Originally created by Japanese manga artist Osamu Tezuka in 1952, Astro Boy had his humble beginnings in a series of comic books that ran until 1968, and followed a basic narrative that echoed the same thematic elements of Pinocchio, wherein a bereaved father and scientist creates an artificial intelligence in an effort to resurrect his deceased son – and the robot child subsequently finds a new guardian and begins using his superhuman powers to fight evil. The original manga gave birth to two animated series in the 1970s and 1980s, and popularized the now ubiquitous anime animation style and genre.
Years after the mixed reception received by the American-made animated feature film reboot of the property from 2009, news emerged that the Australian-based film studio Animal Logic Entertainment is looking to make a new live-action take on the Astro Boy franchise. A new update on the matter reveals that the project has found its lead screenwriters and chief distributor.
According to THR, New Line plans to distribute the live-action adventure movie, and in-house script writers Andre Fabrizio and Jeremy Passmore will pen the Astro Boy film screenplay. Currently being pitched as a more mature and adult take on the fairly childish trappings of the outstanding property, Animal Logic, Ranger 7 Films, and Japanese firm Tezuka Productions are all looking to produce the new Astro Boy movie together.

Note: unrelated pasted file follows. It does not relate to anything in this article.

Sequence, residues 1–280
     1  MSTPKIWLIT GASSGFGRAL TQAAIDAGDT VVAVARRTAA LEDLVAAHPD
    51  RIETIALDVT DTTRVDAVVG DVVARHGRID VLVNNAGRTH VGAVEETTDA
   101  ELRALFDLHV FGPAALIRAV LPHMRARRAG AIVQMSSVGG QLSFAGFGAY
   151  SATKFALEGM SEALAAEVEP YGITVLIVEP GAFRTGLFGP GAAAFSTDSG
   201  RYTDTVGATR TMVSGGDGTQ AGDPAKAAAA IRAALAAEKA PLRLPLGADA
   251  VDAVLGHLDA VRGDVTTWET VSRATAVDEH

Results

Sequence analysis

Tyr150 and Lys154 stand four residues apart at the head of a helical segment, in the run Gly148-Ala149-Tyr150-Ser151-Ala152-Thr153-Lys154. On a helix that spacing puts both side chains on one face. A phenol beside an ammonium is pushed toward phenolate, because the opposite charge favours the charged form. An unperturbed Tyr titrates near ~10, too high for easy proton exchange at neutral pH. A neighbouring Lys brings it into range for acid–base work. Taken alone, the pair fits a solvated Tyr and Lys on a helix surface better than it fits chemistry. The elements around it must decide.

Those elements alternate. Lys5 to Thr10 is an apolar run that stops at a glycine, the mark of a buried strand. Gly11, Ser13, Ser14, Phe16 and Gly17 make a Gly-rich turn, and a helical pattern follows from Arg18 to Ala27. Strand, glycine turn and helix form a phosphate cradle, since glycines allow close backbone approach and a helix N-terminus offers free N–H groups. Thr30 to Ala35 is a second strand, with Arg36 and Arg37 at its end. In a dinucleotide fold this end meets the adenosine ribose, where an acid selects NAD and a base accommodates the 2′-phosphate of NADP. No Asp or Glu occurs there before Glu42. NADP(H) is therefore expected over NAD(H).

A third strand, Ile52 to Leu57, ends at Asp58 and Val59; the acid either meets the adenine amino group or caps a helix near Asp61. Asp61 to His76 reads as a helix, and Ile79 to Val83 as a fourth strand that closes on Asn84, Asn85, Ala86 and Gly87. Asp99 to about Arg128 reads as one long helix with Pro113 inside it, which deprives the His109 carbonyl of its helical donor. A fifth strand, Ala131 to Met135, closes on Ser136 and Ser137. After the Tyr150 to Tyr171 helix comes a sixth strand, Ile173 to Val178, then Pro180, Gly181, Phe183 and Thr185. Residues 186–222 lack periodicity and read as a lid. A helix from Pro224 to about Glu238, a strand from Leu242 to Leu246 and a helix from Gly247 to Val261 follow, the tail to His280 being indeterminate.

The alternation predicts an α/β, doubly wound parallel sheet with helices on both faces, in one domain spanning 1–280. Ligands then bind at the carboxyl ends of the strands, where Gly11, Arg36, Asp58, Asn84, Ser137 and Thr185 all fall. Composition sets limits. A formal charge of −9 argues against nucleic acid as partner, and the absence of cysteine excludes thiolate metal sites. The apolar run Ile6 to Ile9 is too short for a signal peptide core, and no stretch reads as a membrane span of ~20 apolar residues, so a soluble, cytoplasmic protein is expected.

Following what was an essentially lukewarm reception to the last feature film starring the original Japanese manga character, Animal Logic will have a task ahead of them – if they hope to breathe life into a property as (arguably) dated and foreign to modern audiences as the original Astro Boy manga and anime series are. But given the studio’s work in the past on the hit animated feature The LEGO Movie, and following screenwriters Fabrizio and Passmore’s monetary success with last summer’s San Andreas, perhaps producing another Astro Boy movie is just what the studio should be doing next – provided it results in further professional and creative growth.
Tezuka was often regarded as the Japanese equivalent of Walt Disney, and the work that he gave birth to in the multiple iterations of his robot boy character stand as a testament to the durability of his magnum opus. Whether or not Animal Logic and New Line will be finally able to pull off recasting Astro Boy in the light of twenty-first century sensibilities remains to be seen – though fans of the franchise can undoubtedly anticipate seeing the new movie sometime in the near future.
Screen Rant will bring you more information on Astro Boy as it becomes available.